Hey hey blog world! So I’ve been reading this cool new book called The New Rules of Marketing & PR, by David Meerman Scott. In his first couple chapters, he defines the “old rules” of public relations. Among them is one which I would like to argue is still quite important. Especially when it comes to the new world of fleeting messages on social media.
This old rule reads “creativity was deemed the most important component in advertising.” Scott goes on to say that perhaps the new most important component is interaction. I would like to qualify with that and say that there wouldn’t necessarily be any interaction if there was a lack of creativity.
Creativity, in my opinion, is key. Especially in advertising. Any company or business can put out a tv commercial, radio ad, or tweet and simply send a “USE MY PRODUCT” message that probably won’t attract any customers. Or worse, will be so boring that potential customers won’t even remember it. It’s got to be interesting to get people to be receptive to it. That’s where creativity comes in!
Creativity in advertising is spicing up the way you reach the consumer. This semester, I’ll be monitoring the social media accounts of Charmin, the toilet paper brand company. Charmin has a fairly boring-albeit necessary and useful- product. To keep things fun, they’ve gotten on Twitter, Facebook, and YouTube. Instead of tweeting “Buy our toilet paper- we know you’ll need it!” the Charmin group got their creativity on and post cartoons and videos. In their most recent tweet, @Charmin posted a Vine video featuring the Naked Cowboyand their mascot bear dancing in a bathroom stall, with the caption “We always doo it for the Vine,” in celebration of #NationalToiletPaperDay. Check it out here! This particular clip has been retweeted 637 times, and has 904 favorites. It’s not necessarily telling us to buy their product, but it shows us that they can have fun and want to share it with their customers- all while making us think that we probably need more toilet paper and to remember the cute dancing bear and Naked Cowboy next time we’re in the grocery store.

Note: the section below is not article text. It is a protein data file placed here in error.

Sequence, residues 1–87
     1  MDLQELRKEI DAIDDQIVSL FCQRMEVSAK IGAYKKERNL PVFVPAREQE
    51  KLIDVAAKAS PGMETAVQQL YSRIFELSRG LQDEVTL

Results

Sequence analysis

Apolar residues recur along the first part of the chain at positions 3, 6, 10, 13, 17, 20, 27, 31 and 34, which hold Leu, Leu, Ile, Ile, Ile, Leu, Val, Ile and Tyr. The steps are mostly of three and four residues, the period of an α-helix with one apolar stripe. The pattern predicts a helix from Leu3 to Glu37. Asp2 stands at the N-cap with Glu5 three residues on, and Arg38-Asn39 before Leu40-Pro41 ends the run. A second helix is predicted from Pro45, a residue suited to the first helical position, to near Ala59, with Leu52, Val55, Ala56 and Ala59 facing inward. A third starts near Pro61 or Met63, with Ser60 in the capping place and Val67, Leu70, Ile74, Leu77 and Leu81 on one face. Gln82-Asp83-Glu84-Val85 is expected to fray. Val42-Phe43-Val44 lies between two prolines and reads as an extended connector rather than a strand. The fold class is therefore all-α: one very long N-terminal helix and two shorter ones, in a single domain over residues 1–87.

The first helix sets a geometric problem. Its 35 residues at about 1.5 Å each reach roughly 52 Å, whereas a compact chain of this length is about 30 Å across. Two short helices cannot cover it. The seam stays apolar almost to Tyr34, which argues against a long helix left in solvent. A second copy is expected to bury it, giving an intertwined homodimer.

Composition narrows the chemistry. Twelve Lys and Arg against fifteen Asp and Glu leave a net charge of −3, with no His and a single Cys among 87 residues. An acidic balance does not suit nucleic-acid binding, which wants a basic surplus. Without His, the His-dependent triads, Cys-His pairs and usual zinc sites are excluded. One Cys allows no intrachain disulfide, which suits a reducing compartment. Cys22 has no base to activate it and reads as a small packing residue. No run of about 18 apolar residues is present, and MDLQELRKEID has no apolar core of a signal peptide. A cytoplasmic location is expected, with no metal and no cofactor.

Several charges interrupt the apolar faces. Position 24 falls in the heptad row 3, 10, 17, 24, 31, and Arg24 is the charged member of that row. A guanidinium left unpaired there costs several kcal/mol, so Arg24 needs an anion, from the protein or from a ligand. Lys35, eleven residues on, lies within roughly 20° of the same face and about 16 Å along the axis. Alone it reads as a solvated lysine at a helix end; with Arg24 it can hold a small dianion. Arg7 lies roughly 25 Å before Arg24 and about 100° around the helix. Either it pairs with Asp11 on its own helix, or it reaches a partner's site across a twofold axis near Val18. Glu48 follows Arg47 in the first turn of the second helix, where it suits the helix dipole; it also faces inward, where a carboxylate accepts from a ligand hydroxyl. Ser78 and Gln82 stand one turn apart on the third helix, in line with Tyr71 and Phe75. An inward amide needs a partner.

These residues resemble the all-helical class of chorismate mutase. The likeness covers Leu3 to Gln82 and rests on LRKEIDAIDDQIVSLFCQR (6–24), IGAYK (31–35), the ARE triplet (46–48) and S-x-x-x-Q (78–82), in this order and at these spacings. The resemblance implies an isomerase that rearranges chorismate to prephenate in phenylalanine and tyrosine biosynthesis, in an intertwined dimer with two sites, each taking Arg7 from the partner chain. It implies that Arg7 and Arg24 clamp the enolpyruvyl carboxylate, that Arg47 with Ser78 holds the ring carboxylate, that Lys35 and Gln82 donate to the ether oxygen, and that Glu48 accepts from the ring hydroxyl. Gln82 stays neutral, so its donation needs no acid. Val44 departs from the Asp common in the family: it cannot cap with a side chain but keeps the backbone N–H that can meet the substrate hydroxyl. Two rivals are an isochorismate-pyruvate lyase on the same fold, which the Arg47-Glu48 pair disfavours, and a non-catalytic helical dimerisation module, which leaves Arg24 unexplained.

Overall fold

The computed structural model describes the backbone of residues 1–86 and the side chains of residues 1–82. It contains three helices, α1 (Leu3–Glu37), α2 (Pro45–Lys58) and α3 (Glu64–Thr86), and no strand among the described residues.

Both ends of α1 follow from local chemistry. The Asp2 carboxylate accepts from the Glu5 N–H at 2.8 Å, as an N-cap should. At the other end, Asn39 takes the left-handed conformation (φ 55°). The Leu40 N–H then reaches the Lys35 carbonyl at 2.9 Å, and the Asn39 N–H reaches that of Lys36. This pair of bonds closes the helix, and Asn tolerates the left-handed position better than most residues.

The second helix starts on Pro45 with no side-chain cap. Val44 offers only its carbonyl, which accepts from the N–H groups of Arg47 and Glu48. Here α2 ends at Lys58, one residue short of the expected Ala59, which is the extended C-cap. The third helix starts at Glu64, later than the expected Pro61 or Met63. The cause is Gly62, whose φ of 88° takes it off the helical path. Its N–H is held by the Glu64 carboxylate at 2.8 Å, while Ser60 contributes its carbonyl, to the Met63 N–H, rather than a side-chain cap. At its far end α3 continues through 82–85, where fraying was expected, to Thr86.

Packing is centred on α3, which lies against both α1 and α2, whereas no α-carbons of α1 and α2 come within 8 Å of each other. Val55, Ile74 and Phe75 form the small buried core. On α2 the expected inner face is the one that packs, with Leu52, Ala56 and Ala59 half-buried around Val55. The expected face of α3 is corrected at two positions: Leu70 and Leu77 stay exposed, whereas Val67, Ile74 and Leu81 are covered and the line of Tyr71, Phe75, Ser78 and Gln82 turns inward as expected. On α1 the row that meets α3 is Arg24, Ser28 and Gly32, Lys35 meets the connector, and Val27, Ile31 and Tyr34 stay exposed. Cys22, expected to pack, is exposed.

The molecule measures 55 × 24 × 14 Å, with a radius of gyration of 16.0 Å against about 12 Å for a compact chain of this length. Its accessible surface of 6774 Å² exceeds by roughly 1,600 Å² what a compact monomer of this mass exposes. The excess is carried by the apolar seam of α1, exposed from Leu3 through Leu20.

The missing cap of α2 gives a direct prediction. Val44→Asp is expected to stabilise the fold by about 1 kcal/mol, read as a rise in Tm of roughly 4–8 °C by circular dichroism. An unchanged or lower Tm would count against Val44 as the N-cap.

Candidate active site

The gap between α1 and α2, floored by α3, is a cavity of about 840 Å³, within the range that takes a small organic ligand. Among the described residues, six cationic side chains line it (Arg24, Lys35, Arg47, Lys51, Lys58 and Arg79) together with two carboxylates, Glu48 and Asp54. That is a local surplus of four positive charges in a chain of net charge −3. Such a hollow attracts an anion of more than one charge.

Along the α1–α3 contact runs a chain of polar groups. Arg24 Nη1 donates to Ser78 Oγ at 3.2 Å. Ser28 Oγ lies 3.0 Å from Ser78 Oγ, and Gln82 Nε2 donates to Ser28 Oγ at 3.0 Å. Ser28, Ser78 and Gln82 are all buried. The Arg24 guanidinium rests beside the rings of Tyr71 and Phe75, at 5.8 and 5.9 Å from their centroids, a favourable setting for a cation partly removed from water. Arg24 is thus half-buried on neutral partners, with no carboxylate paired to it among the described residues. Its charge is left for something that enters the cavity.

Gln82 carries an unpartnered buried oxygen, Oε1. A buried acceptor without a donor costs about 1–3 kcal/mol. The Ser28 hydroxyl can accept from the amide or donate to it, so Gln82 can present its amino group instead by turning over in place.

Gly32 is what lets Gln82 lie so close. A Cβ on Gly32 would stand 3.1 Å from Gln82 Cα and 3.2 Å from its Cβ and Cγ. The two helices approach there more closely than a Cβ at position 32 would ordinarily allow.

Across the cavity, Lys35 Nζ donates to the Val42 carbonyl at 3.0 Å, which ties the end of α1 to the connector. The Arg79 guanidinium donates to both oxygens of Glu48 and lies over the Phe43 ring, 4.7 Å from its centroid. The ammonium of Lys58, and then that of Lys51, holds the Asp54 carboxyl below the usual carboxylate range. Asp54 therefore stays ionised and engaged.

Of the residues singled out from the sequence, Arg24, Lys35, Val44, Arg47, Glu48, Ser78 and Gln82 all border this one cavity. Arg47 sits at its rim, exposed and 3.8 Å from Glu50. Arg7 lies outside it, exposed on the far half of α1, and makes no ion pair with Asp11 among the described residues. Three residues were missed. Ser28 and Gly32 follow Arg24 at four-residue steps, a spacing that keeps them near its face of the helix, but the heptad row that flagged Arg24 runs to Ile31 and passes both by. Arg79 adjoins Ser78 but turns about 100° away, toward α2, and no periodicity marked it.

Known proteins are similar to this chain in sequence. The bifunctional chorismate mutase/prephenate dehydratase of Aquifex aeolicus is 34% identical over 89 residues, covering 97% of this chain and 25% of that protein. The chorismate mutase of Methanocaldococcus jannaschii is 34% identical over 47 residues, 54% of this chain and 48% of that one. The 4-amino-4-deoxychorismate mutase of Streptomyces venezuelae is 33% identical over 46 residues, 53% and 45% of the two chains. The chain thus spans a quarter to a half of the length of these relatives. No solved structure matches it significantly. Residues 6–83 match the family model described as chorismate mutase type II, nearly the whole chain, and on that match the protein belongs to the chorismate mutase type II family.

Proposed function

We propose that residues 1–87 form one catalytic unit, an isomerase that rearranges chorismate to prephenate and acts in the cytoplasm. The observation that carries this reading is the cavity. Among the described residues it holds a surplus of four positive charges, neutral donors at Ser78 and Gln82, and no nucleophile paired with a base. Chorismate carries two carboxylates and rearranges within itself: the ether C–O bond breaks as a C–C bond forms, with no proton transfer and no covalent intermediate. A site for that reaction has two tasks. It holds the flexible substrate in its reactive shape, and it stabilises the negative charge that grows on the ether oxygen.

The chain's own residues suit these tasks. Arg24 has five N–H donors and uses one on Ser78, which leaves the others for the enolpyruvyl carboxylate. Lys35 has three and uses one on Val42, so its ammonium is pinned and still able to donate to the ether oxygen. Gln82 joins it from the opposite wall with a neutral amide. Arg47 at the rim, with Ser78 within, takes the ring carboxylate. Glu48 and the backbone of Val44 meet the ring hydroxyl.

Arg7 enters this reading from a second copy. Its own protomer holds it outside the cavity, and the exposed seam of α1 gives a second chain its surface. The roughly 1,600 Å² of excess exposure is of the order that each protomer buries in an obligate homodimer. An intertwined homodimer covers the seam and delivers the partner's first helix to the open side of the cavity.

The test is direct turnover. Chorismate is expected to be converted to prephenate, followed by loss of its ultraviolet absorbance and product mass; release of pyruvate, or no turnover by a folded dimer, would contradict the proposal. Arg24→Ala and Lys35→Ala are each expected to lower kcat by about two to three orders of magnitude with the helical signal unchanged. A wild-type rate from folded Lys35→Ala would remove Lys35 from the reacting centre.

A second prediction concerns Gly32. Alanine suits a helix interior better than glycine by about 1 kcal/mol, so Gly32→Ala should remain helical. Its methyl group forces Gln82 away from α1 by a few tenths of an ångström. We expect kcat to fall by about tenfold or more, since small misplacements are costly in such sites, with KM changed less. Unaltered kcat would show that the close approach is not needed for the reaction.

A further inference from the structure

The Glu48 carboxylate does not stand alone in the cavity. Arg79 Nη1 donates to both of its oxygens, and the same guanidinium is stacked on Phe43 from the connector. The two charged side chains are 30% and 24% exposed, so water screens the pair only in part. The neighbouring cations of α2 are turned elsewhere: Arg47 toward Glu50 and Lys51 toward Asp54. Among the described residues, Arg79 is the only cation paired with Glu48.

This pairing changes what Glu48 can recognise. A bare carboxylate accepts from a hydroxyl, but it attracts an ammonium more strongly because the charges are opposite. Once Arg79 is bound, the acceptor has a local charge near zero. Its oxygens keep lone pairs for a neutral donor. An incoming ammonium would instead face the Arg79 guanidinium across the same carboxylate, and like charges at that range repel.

Was that tweet a successful advertisement of the product? Sure. Was it creative? Definitely. Will I remember it? For sure.
But back to Scott and his “old rule” about creativity. Though he thinks it’s an oldie, I think it’s a goodie. Advertisers have to constantly be on their creative game in order to make a successful commercial, post, or tweet. If it weren’t for the “cha-cha-cha, Charmin!” jingle, I never would’ve given this toilet paper brand a second thought. Much less started following them on Twitter (interaction!) and finding out that they’re more than just TV commercials with cute bears and catchy songs. They’ve kept the creativity coming.